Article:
Between the late 1960s and 1970s, Iran’s growing contact with the West aroused many contradictions, inner conflicts, and extravagancies. People could not stand the rapid transformations in the society and particularly in women’s situation that arose due to modernization. By this time, male novelists indicated all their inner tensions in the shape of a woman they created in their stories. This paper focuses on a notable modern Persian fiction, Prince Ehtejab by Houshang Golshiri that was first published in 1969. The author aims, at first, demonstrating how Golshiri uses the four female characters to, in effect, introduce the male narrator and second, analyzing how these four female characters are shown to the reader through the male protagonist’s gaze. The male gaze refers to the sexist attitude of an image: the depiction of women regarding male or masculine preferences. Where of Houshang Golshiri created works that incorporated the literature of the world and adapted modern western literary styles of writing, this essay employs the western approach of the male gaze. It analyzes one Persian fiction, going through names, symbols, settings, comparisons, and contrasts to show the way the male narrator and the readers see the female characters. It depicts not only the torments of women but also how their torments are represented from a male gaze, which imparts a different perspective to readers.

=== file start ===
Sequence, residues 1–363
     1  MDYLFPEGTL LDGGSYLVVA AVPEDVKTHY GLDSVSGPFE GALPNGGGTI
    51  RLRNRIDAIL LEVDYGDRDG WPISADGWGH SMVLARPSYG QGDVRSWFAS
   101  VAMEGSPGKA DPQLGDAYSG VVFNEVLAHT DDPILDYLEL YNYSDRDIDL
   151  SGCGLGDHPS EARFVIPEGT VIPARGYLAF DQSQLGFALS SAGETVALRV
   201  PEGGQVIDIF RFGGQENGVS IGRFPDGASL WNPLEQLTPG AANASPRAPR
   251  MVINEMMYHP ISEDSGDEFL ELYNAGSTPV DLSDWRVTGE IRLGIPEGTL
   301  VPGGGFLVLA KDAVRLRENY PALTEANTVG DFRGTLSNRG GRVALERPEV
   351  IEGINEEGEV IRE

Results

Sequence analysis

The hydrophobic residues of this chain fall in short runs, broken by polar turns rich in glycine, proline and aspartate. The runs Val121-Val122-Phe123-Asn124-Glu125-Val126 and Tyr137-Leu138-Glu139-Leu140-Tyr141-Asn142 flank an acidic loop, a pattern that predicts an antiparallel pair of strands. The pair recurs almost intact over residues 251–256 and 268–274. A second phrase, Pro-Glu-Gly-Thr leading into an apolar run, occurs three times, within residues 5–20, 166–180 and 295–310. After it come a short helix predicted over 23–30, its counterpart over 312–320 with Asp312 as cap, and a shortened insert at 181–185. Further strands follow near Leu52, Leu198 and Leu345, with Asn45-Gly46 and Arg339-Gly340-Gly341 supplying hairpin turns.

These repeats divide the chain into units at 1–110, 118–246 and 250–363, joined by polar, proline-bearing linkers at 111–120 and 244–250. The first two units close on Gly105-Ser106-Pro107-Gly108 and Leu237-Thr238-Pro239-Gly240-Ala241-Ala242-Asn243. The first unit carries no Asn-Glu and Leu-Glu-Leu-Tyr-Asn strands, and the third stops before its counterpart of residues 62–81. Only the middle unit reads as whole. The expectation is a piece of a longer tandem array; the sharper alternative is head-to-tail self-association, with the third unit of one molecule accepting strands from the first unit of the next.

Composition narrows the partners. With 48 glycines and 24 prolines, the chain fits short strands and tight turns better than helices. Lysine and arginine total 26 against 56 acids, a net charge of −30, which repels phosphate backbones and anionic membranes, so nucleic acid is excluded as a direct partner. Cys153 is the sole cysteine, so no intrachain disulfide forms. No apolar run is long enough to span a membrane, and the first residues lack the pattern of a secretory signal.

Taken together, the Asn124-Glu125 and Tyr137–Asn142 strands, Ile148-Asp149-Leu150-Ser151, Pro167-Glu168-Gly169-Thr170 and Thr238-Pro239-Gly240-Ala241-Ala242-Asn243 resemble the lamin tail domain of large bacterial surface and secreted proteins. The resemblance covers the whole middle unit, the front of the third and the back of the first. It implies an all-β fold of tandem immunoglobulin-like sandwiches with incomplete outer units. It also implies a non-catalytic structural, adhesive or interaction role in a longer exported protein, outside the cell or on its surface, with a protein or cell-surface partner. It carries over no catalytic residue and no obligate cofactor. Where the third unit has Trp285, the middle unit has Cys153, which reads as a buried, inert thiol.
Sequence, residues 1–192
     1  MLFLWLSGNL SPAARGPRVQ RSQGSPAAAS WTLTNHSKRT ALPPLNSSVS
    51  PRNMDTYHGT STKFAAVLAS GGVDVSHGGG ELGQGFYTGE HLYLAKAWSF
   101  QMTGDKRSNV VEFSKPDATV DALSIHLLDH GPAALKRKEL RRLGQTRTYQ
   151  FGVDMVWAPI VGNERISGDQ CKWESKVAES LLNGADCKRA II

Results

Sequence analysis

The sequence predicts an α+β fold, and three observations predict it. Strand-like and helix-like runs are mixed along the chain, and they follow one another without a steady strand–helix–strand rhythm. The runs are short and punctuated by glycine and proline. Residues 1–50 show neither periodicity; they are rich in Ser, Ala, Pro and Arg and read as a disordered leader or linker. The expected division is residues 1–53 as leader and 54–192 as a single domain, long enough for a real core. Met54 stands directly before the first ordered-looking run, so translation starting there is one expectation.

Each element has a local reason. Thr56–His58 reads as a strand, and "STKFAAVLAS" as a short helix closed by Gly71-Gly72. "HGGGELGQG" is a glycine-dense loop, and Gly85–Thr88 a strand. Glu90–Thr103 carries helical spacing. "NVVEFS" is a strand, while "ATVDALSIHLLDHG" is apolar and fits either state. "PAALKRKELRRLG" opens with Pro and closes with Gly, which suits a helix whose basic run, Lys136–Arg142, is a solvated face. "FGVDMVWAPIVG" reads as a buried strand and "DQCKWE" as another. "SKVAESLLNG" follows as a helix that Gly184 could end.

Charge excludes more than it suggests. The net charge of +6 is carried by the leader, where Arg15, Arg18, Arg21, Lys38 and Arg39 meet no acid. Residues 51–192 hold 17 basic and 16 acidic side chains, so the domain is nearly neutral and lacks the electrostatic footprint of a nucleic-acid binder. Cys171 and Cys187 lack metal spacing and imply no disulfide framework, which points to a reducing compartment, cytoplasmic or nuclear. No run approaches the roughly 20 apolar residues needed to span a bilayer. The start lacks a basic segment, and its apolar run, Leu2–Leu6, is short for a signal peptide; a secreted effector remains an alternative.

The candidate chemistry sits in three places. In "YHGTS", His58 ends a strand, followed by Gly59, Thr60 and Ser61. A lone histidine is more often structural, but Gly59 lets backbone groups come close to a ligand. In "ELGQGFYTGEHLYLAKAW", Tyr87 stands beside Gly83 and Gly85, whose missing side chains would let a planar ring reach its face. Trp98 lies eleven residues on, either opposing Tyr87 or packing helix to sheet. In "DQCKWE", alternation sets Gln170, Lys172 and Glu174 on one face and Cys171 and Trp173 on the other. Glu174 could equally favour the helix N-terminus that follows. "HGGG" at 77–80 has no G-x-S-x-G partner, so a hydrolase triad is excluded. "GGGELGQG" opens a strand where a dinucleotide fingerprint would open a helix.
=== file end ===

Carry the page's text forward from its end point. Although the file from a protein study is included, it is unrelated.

"“All I See is through His Gaze!” Female Characters through a Male Gaze in Modern Persian Fiction,"
Journal of International Women's Studies: Vol. 20:
2, Article 25.
Available at: https://vc.bridgew.edu/jiws/vol20/iss2/25